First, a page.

TEXT OF INTERVIEW
Bill Radke: This week, we’re asking what a President Obama will mean to individual American industries. Reporter Alisa Roth joins us. Alisa, we heard so much about energy and oil drilling in the campaign. So what can energy companies expect?
Alisa Roth: We’re obviously already seeing falling prices. One person I talked to yesterday actually said that Obama should really figure out a way to kind of buffer those prices — so not control them per say, but use reserves and so on to make sure there aren’t just crazy fluctuations and in fact that prices don’t drop too far. Meanwhile, during the campaign Obama did offer some conditional support for offshore drilling, so we might see some of that. There’s been a lot of talk about windfall taxes for the oil companies, which in fact could add up to a lot of bad news for them.
I talked to Rick Nicholson, he’s a researcher at Energy Insights, and this is what he had to say:
Rick Nicholson: Add that to sort of the lower crude prices that we’ve seen, which means the companies are bringing in less revenue, you’re going to see a slowdown in investment and technology in the oil and gas segment.
Radke: What does this mean for utility companies, Alisa? Particularly those who use coal?
Roth: There’s a lot of talk about an Obama administration forcing them to switch to cleaner technology, so clean coal is one possibility. Natural gas is something else that’s been talked about. A second stimulus package, if it happens, could focus on infrastructure, investment and infrastructure, and that could be a really good thing for utilities, because basically it would allow all kinds of investment to upgrade what we had, which is kind of a crummy old patchwork grid system, to something more high-tech and digital.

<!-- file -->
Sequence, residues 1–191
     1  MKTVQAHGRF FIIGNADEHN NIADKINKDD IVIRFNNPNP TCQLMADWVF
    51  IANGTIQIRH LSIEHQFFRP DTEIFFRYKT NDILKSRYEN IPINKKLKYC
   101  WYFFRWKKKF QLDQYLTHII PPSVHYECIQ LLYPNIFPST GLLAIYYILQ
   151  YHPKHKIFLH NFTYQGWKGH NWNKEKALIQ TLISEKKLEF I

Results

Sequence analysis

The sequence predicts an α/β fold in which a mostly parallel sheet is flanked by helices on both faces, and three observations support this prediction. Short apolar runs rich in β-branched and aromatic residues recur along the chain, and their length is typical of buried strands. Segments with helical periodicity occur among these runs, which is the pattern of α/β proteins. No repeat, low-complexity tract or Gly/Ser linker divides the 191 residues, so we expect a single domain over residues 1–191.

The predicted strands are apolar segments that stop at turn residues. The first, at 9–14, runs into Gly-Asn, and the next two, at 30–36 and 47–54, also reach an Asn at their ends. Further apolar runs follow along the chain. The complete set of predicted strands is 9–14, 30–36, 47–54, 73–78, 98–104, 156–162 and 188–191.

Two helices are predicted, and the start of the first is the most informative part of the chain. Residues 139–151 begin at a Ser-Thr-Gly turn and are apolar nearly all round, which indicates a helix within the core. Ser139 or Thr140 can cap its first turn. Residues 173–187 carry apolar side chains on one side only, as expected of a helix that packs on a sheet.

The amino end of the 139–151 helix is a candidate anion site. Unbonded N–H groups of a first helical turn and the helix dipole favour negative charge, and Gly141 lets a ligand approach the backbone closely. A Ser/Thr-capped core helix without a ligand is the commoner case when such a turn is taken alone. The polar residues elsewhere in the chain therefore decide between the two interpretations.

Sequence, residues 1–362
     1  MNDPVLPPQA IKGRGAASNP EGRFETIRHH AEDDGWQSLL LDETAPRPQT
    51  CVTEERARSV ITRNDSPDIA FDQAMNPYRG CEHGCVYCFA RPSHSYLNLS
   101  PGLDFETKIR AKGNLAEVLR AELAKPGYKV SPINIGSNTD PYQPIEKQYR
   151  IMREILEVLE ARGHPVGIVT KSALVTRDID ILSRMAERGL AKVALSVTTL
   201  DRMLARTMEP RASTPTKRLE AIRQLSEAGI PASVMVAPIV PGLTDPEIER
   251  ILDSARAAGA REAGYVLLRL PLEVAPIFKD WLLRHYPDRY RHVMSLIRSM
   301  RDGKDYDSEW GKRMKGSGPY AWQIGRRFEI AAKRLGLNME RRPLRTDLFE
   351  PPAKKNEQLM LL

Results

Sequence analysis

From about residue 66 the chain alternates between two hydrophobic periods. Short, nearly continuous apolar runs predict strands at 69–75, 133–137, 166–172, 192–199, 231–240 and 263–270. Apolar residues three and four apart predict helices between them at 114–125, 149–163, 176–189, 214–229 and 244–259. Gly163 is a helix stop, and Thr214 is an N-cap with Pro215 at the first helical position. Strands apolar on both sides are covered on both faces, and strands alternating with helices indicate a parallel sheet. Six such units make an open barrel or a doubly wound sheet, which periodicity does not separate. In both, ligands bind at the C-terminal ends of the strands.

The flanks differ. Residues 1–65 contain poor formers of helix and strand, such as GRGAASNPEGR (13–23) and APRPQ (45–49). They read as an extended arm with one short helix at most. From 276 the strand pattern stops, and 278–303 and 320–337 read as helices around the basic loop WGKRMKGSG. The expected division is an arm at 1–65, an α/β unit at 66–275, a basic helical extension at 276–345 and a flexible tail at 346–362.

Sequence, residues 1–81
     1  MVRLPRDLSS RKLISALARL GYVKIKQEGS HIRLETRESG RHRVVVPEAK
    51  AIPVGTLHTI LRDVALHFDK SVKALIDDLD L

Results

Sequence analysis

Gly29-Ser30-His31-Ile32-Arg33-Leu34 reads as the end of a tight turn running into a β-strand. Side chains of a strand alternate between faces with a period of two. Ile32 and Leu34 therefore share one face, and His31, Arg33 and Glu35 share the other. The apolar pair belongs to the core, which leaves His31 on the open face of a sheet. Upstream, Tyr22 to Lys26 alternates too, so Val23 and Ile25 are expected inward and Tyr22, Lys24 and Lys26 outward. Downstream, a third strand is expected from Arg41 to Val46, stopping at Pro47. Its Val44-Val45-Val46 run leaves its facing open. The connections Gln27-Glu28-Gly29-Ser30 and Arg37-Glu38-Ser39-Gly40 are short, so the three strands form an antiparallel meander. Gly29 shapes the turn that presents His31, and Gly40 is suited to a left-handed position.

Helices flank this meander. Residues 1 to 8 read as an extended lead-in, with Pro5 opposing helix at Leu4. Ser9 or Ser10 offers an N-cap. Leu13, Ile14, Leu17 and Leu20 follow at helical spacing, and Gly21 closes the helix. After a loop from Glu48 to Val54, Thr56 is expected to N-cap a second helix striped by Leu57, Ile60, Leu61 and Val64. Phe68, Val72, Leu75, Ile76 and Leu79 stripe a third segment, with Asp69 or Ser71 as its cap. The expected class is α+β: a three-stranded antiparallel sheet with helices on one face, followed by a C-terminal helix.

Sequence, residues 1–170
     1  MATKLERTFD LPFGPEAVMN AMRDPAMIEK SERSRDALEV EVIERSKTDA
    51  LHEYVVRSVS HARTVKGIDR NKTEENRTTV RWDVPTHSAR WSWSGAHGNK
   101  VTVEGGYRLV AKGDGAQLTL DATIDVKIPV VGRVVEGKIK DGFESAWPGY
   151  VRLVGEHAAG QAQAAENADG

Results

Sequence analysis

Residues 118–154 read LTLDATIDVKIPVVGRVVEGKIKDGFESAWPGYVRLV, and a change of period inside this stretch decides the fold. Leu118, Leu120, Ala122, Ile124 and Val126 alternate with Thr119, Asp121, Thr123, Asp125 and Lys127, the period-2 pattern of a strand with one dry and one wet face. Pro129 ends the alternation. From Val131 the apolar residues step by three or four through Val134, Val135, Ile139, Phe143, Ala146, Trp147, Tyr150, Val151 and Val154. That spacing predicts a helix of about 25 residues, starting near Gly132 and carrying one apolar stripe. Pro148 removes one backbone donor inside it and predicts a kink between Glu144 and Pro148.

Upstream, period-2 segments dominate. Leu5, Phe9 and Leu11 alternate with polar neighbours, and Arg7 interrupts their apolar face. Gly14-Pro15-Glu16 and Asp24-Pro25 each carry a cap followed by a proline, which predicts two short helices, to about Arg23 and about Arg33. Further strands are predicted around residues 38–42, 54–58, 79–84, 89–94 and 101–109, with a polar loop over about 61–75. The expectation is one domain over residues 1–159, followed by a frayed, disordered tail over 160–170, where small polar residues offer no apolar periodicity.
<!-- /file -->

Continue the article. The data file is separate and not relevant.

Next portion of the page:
Radke: In this country, we can’t talk about oil without thinking about automobiles. What’s this going to mean for the car industry?
Roth: Well, it’s still unclear, because as everybody knows, the auto industry in the U.S. is in real trouble, and has been getting into worse trouble lately. So the Big Three are still lobbying the government for help that could happen even before Obama takes office. What’s still unsure is what that help would be — would it be loans, or would it be some other kind of support? Once Obama takes office, there’s been a lot of talk about requiring higher efficiency standards and things like that. And so one possibility is that whatever bill is put together that outlines those new standards would also include money for the Big Three to invest in technologies.
Radke: Alisa Roth, thanks for joining us from New York.
Roth: You’re welcome.
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